This is the stuff! Pure Alistair Maclean Where Eagles Dare-style. The sort of We-want-a-futile-heroic gesture - in-you-go aw don't-come-back mission that makes the blood run cold.
Somebody has to infiltrate the Nazi headquarters, located in an eight-storey castle. That somebody is you, suicidally solo and armed only with a rifle and limited ammo. And of course the place is crawling with stormtroopers.
There are three saboteurs to find, held somewhere in the dungeons. You have to liberate the commandant's private collection of antiquities. And, if you can see your way to doing it, the allies wouldn't mind if you blew the base into a billion pieces with a well timed explosion before leaving!
This is the sort of game that you play with a stiff upper lip, a supple joystick wrist and burnt cork all over your face.
Behind the gung-ho heroic plot lies a single-player Gauntlet-style program, and one that surprises its medieval inspiration.
For a start, the graphics are bigger. Bigger, yes, but clever planning has all but avoided attribute problems. Quite how they've done it I'm not sure, but it's almost like those notorious clashes don't exist. The scenery's pretty atmospheric as well, with dark corridors, iron doors which require keys, wooden ones which can be shot away, officials at desks... You really have a sense of being in the thick of it. There are even toilet cubicles, which you can blast open!
Despite this detail, the landscape still scrolls. It's not a continuous, smooth scroll - it only moves when you reach the edge of the screen - but the programmers have played fair and, providing you keep your finger on the trigger, you should have time to nix and Nazis as they appear on-screen.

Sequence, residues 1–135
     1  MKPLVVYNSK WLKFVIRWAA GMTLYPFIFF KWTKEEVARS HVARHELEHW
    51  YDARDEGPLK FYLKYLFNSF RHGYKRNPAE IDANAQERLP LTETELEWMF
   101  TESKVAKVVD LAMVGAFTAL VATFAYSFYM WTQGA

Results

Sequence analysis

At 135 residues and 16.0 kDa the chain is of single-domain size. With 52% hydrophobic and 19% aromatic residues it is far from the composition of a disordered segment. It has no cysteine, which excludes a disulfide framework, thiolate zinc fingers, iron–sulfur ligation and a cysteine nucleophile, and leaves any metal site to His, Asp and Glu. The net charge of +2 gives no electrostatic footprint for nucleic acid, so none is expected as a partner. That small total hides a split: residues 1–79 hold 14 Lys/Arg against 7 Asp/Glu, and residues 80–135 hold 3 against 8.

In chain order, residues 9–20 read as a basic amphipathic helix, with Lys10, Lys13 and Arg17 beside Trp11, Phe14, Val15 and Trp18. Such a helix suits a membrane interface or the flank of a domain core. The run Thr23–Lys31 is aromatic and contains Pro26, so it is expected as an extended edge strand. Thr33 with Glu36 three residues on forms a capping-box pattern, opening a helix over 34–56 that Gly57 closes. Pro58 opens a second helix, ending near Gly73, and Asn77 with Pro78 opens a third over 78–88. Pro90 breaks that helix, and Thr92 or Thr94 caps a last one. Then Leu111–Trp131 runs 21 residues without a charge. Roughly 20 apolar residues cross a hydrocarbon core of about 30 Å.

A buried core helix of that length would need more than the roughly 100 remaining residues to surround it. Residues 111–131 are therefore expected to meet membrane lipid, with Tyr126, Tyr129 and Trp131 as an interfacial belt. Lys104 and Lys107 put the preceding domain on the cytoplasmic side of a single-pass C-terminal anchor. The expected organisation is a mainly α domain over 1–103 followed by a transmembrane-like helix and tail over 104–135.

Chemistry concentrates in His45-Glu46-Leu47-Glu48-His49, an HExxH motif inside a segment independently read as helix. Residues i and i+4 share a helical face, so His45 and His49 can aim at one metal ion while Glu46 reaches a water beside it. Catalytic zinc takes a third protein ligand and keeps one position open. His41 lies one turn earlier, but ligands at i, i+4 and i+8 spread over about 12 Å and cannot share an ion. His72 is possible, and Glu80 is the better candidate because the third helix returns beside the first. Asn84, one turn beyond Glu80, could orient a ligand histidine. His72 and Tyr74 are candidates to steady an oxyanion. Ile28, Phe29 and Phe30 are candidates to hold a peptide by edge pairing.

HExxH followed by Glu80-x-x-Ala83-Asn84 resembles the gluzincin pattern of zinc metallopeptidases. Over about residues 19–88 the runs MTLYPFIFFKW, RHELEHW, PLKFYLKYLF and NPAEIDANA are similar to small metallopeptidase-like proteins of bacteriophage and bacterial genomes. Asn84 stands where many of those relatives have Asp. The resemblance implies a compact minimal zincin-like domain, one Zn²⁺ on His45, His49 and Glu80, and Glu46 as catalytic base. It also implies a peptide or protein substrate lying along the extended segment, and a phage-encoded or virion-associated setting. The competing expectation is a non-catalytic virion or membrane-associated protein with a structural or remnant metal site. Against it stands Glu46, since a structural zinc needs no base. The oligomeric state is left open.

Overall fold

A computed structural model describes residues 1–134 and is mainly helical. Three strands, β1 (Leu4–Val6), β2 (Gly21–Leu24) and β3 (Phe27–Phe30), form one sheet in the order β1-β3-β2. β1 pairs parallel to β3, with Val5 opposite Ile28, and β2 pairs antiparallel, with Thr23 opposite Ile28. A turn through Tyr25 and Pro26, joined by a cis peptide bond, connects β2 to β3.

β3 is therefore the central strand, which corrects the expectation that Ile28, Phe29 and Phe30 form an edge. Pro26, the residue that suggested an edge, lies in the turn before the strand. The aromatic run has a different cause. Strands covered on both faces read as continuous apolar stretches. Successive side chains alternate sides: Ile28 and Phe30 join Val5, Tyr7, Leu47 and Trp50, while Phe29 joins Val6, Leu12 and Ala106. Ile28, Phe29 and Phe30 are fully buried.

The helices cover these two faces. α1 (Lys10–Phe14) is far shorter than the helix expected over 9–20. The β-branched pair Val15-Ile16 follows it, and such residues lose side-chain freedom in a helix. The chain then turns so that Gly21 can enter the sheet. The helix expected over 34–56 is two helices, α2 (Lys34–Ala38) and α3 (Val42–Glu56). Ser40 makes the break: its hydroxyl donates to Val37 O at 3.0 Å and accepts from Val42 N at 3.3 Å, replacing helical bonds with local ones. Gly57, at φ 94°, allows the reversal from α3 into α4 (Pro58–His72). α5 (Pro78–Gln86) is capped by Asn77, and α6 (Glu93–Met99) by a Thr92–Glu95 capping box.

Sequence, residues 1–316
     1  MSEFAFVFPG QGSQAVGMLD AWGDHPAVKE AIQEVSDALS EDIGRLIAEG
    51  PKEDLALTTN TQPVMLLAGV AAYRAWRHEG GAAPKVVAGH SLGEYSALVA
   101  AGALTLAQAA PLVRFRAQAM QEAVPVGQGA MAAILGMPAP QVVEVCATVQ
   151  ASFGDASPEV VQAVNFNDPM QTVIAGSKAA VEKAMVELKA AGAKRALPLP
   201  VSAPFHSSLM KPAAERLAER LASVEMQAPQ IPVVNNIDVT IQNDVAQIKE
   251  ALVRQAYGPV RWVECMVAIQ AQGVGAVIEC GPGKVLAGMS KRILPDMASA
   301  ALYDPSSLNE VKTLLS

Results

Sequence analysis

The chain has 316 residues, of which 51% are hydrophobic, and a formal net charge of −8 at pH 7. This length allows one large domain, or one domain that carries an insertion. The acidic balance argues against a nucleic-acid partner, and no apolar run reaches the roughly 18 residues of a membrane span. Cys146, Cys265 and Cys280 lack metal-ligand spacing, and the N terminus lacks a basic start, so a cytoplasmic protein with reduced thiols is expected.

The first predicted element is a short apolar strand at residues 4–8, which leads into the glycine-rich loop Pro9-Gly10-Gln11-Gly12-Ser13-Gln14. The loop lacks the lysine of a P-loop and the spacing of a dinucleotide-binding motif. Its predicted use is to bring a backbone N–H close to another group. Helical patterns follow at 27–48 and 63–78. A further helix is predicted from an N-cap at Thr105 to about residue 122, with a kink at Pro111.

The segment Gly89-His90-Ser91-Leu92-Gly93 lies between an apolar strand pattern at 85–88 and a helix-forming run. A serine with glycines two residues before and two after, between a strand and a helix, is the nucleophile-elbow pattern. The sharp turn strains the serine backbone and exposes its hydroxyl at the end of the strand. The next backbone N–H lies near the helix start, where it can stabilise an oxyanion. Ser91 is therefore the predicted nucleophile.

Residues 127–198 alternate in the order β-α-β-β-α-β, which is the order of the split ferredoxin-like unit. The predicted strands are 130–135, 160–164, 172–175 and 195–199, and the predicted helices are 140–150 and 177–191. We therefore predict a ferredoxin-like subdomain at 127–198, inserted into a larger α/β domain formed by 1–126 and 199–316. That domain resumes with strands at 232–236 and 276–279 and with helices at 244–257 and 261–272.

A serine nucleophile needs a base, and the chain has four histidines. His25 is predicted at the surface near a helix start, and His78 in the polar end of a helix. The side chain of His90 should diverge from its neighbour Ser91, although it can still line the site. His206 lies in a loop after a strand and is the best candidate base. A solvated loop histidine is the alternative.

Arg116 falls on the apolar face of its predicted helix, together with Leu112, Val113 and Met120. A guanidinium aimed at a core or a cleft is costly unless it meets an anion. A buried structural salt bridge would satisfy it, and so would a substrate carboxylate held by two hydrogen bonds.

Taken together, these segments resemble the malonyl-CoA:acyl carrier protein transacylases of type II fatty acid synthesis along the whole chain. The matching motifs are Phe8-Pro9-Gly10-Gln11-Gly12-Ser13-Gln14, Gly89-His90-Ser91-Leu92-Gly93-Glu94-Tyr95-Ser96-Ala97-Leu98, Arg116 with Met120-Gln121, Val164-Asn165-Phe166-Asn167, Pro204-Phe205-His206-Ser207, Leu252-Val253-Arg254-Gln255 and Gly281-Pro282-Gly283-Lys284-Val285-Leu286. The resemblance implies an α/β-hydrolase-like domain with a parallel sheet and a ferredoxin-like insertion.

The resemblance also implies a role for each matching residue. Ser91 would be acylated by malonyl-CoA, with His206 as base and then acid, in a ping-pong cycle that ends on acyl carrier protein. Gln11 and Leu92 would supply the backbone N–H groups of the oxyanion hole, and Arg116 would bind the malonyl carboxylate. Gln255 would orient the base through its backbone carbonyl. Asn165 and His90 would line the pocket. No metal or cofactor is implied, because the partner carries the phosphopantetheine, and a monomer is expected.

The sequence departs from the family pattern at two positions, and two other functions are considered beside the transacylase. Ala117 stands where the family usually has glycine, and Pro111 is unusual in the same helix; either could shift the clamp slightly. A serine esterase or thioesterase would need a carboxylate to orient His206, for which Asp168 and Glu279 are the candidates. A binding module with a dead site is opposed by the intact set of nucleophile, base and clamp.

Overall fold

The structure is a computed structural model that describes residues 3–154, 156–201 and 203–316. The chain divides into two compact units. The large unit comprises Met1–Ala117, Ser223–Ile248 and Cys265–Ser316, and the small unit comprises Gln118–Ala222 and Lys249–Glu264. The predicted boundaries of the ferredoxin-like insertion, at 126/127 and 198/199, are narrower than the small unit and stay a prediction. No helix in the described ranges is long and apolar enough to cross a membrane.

The other main difference from Gauntlet is gameplay. While the swords and sorcery epic concentrates on slashing and blasting, there's much more strategy to Eagle's Nest. Direct contact with the Hun adds fatal hits at a drastic rate. If you're to survive for any length of time you'll hand around corners and make full use of narrow passages, taking pot shots as they charge you.
You'll also need to make a map, because not all rooms are useful, while some routes take you back on yourself, and you won't want to dawdle in these surroundings. It's worth noting where the supplies of food and life-restoring medicine are, as well as the ammo boxes, because few things are more embarrassing than finding yourself surrounded by the Bosh without a bullet to your name.
Like all the best infiltration epics, the secret of success is a clear plan of action. Don't stand around when you don't need to and don't get involved in unnecessary battles.
However many of the enemy you take out, more will always appear. Most importantly, don't wander aimlessly from level to level, because when you return you'll find that all the doors you carefully opened are shut again, making the trek to the stairs even more hazardous.
Finally, salute the touches that mark out the care taken with this program. You can choose between silence, 48K sound or enhanced 128K music and effects.
There's also a Load Data option on the opening menu's, so that new adventures can be launched at a later date.
All in all it's quite a pleasant jaunt into occupied territory, Gauntlet-style.
We've not heard much from Interceptor recently, but into the Eagle's Nest is a great way to launch their Pandora label. The action isn't quite so frantic as Gauntlet's, as it's geared to tip-toeing secretly round, but it's fast enough and the strategic elements should give it a longer life.
Accept this mission and buy this game.
Author: Kevin Parker and Robin Chapman
Reviewer: Jerry Muir
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